When students feel that they are advocated for at school, they feel that they have someone who they can turn to for help and advice, they feel cared for and are supported to achieve their best. This synthesis of research explains why student advocacy at school is important and provides practical suggestions for schools to support their students.
Advocacy at school for students in NSW public schools
Students report on the level of advocacy at school that they experience in the student survey offered to NSW public schools – Tell Them From Me. Tell Them From Me (TTFM) reports on student, parent and teacher perspectives of their school and provides data on students’ wellbeing and engagement, as well as the teaching practices they encounter in the classroom. This paper presents findings on how to support student advocacy at school, drawn from longitudinal modelling of TTFM data, NSW case studies and literature reviews conducted by the Centre for Education Statistics and Evaluation (CESE). Accompanying papers provide findings on how to enhance student sense of belonging and high expectations for success and to support school improvement with TTFM.
- Students who experience high levels of advocacy at school have improved learning and wellbeing outcomes and are also more likely to have:
- increased motivation and effort in lessons
- an enhanced sense of belonging
- an improved chance of completing school.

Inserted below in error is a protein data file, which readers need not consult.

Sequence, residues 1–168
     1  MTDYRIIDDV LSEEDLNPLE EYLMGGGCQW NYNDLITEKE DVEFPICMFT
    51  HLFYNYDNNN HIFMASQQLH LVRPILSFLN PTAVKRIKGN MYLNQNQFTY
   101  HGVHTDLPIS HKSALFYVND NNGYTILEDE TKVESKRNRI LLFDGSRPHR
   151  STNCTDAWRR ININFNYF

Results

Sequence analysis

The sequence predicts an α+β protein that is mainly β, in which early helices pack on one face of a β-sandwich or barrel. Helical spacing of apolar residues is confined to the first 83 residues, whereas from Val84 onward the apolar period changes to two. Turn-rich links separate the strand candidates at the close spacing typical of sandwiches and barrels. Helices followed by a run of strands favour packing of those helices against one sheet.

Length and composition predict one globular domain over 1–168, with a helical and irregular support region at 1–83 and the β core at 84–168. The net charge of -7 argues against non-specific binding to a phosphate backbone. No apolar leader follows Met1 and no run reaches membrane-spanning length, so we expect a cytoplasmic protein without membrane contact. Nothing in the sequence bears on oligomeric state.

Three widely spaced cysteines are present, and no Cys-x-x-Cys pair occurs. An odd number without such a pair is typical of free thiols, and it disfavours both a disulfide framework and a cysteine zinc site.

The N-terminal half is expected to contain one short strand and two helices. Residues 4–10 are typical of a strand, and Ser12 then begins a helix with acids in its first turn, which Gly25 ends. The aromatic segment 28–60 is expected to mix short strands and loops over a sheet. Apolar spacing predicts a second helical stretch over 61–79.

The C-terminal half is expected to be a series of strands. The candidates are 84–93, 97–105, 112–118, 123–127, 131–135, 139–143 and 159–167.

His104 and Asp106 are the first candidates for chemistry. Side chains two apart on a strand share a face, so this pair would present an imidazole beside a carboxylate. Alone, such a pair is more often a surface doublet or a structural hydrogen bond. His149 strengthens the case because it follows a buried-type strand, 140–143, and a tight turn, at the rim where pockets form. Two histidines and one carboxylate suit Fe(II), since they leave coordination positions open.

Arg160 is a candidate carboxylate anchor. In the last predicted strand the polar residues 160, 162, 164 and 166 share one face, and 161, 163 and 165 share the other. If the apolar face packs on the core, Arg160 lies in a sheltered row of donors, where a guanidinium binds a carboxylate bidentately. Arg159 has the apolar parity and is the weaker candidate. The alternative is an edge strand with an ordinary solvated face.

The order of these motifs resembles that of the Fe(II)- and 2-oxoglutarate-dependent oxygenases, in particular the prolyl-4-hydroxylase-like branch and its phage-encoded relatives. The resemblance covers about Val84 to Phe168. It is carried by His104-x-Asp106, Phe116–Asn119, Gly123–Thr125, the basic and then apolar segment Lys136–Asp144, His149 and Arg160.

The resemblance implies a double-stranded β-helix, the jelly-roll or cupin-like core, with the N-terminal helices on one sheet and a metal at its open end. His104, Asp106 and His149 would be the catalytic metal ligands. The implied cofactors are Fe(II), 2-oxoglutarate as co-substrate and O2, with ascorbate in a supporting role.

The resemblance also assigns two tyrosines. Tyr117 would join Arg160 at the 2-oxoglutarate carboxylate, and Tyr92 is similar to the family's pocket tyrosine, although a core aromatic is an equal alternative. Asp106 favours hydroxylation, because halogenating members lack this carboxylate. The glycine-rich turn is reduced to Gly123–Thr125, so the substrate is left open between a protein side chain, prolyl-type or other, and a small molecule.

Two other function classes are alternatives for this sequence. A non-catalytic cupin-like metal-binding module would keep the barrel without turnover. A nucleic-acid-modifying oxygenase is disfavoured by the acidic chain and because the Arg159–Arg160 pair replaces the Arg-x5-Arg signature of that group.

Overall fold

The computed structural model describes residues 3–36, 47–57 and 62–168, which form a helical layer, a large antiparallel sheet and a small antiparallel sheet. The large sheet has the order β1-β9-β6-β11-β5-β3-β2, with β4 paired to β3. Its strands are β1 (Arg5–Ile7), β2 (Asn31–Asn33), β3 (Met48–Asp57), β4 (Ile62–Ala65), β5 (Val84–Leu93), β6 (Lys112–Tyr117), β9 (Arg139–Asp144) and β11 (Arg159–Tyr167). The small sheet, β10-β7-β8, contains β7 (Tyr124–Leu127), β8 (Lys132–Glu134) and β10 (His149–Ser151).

- Advocacy at school is linked to both student engagement and wellbeing and teaching practices.
- Teachers and staff can be effective advocates at school by encouraging student voice and incorporating it into decision-making at school. Teachers can encourage student voice by investing time in getting to know their students, having conversations with students about their learning and aspirations, and responding to student surveys and student feedback.
- Students experience different levels of advocacy at school at different stages of their schooling. Students from high socioeconomic backgrounds are more likely to report higher levels of advocacy at school than those from low socioeconomic backgrounds, while girls and boys experience advocacy differently at different stages of their schooling.
- Schools are able to promote advocacy for students by focusing on periods of transition, providing opportunities to build relationships, encouraging student voice, establishing programs to get to know their students and providing targeted support.
What is advocacy at school?
Advocacy at school refers to the support students receive from adults in the school who can provide encouragement and who can be turned to for advice. Students feel advocacy at school when they have adults who will listen to them and act in their best interests. Although parents and carers play the most vital role in the lives of most children, relationships with adults at school help ensure that students are cared for and supported to achieve their best.